After the usual 24 hours of hacking, we received 13 project submissions. Same as last year, it turned out that a team had to complete both parts of the challenge to qualify for one of the winning slots.

Let’s meet the winning teams and learn about their projects!

The winning team explored quantum image processing using Flexible Representation of Quantum Images. They experimented with different approaches to image encoding to find one that is feasible to run on an 11-qubit QPU, and then implemented several simple image processing tools such as rotation and shift. Finally, they ran their implementations on all three targets, getting perfect results on IonQ simulator and Quantinuum emulator, and a “somewhat recognizable” image on IonQ QPU that fell prey to the expected noise.

Fun fact: Mihai Zsisku was also a member of the winning team in our challenge in QCHack 2021!

In his project, Matthieu implemented a simple error correction scheme using small encoding circuits and explored its behavior on both IonQ and Quantinuum targets.

*“24h sure is short to achieve quantum error correction, but it’s exciting to try!”*

This project implemented entanglement teleportation protocol with a twist: it explored quantum repeater – a sequence of repeated entanglement teleportations that could enable entanglement teleportation over longer distances. It turned out one can run the protocol on Quantinuum emulator with four intermediaries between Alice and Bob, getting 87% fidelity in the process.

Fun fact: this is Wittmann’s third appearance on the list of our Hackathon winners – he took home wins from both last year’s QCHack and the MIT iQuHack earlier this year!

*“I really enjoyed the free-form format this year as it allowed me to implement some quantum algorithms which I was very interested in exploring, and this also allowed me the opportunity to learn how these algorithms perform on real noisy-devices. Part I of the challenge also was really helpful in getting me familiar with the API to connect with the quantum devices through Azure Quantum. Overall it was a very exciting weekend, and I look forward to participating again in the future!”*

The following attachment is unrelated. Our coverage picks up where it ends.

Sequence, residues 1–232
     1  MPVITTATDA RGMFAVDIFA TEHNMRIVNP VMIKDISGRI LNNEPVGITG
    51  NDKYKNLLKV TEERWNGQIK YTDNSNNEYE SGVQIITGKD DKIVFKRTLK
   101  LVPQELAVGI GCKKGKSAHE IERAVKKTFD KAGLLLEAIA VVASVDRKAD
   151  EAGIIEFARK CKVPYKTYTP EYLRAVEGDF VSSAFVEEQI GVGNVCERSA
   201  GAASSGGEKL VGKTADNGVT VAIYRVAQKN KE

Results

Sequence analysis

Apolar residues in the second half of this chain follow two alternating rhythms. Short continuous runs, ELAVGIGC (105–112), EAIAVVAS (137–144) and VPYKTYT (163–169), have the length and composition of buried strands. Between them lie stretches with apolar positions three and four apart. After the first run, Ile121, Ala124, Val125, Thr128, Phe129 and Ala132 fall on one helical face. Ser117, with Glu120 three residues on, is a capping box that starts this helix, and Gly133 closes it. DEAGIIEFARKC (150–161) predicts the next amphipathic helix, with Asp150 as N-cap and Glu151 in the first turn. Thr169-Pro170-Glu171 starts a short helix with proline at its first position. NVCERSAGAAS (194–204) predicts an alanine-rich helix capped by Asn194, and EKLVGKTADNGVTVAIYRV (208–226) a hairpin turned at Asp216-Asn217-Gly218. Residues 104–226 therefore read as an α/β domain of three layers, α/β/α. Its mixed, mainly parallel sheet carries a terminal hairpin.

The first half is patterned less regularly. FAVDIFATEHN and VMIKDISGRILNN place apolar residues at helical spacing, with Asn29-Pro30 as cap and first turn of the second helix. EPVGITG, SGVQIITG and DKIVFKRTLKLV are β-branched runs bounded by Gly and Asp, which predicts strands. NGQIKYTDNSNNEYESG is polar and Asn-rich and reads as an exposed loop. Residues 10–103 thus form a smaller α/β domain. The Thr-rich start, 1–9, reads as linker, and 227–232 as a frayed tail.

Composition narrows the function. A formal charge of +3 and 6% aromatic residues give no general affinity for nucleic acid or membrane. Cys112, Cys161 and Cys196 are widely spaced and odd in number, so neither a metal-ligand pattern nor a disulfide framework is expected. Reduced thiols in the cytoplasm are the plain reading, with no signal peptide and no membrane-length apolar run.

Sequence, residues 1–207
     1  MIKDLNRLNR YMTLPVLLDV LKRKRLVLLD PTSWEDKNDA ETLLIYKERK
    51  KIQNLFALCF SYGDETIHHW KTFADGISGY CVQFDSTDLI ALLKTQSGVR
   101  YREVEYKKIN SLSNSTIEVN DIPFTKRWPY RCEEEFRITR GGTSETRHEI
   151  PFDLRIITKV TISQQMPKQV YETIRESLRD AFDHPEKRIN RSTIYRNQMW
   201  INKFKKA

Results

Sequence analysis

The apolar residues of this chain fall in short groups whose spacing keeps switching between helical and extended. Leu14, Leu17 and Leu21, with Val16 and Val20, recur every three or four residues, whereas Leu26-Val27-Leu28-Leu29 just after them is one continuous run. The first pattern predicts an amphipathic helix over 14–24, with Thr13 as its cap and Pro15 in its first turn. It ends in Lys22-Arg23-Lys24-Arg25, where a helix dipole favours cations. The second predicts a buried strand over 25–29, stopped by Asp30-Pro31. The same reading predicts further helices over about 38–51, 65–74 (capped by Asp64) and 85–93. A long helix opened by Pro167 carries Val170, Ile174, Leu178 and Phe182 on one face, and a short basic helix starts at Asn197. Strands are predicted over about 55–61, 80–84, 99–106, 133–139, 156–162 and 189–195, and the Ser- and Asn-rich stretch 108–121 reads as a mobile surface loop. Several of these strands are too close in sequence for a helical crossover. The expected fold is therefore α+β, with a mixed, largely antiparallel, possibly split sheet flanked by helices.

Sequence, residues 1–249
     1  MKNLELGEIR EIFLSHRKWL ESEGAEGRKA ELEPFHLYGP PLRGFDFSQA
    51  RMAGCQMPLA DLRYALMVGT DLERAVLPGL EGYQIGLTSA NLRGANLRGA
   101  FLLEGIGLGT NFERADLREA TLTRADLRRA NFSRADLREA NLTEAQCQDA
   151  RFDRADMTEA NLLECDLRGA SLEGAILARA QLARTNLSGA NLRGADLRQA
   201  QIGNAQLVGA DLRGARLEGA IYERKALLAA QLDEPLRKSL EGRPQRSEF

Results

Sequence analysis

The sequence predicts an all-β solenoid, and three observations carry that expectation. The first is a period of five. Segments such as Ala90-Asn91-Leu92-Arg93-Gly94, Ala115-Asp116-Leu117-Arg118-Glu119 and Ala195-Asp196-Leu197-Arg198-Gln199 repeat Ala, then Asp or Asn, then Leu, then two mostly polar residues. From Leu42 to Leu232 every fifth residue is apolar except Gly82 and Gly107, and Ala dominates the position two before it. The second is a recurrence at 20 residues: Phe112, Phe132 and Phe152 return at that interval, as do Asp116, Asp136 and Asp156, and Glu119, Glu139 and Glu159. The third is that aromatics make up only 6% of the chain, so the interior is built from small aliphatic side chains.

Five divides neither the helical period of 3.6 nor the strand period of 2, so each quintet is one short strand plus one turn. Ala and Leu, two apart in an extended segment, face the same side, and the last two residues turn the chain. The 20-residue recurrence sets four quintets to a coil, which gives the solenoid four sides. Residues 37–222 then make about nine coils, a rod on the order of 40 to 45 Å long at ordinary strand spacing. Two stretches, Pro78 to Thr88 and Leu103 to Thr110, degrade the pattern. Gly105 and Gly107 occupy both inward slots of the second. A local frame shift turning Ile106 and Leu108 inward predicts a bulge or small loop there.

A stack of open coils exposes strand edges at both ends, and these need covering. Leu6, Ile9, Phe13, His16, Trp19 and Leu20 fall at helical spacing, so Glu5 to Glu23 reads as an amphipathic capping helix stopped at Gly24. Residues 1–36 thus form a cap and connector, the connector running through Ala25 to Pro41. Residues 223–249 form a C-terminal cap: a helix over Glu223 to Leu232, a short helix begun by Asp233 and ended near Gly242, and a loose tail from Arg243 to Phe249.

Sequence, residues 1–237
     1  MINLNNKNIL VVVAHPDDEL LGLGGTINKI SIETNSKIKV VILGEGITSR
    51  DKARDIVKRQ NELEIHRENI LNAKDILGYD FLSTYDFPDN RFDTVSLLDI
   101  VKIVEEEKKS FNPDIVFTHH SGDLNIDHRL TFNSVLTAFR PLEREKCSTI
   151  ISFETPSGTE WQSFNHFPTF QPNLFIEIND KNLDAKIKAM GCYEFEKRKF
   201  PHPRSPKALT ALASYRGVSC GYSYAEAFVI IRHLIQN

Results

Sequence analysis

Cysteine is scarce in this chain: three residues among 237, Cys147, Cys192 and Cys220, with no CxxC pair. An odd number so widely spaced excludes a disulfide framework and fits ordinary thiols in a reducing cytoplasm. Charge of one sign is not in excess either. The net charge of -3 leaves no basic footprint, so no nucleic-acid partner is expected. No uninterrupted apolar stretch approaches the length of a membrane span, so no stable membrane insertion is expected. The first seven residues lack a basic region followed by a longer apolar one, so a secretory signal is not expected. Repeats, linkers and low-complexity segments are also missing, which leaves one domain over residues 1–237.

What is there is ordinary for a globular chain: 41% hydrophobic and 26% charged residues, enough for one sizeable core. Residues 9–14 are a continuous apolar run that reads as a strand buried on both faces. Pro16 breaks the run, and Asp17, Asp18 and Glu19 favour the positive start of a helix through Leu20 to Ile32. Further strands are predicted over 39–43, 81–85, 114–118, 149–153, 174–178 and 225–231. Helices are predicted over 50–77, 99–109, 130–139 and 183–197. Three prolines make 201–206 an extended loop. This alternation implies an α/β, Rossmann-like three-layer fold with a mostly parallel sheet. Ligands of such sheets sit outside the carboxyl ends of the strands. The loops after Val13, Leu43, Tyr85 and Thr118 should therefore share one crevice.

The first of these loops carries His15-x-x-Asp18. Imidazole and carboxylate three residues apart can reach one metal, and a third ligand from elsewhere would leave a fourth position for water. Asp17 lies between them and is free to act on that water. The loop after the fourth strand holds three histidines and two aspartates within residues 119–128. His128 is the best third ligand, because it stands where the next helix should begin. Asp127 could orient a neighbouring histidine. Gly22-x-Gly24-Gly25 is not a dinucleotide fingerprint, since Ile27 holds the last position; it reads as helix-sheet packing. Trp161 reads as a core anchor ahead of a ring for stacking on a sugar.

Sumeet solved the subset sum problem – finding a subset of the given list of positive numbers that add up to a given target sum.

*“It was exciting to use an actual physical quantum computer for the first time! I’m at a point where I’m considering a career in quantum computing, and this was a great push towards that direction.”*

Congratulations to the winning teams! As always, it was a pleasure to host the challenge, and we’re looking forward to future to engage with the quantum community!

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]]>The post Microsoft/IonQ challenge at iQuHACK 2022: Recap appeared first on Q# Blog.

]]>The challenge proposed to the participants was very straightforward: use a quantum computer to build a game, or a component of a game. IonQ offered free access to their ion trap quantum device during the hackathon.

After the 26-hour hacking period we got 36 projects to judge. The projects were evaluated based on the lightning presentations by the teams and the code, and graded on five scales: utility of concept, technical merit, creativity, relevance, and communication. To fit the presentations in just a couple of hours between the end of the hacking and the results announcement, the teams were split into multiple rooms, so each judge only met a small subset of all teams.

The projects demonstrated a variety of takes on the theme: from quantum-inspired variants of card games and Tetris to educational games on topics such as universal gate sets or state tomography. Let’s take a look at the five winning teams and their projects.

The winning projects implemented a game that would teach the player about solving optimization problems using the Quantum Approximate Optimization Algorithm (QAOA). The game has two regimes: the player can either compete with the quantum computer to try and get a better result or cooperate with it to solve the problem together.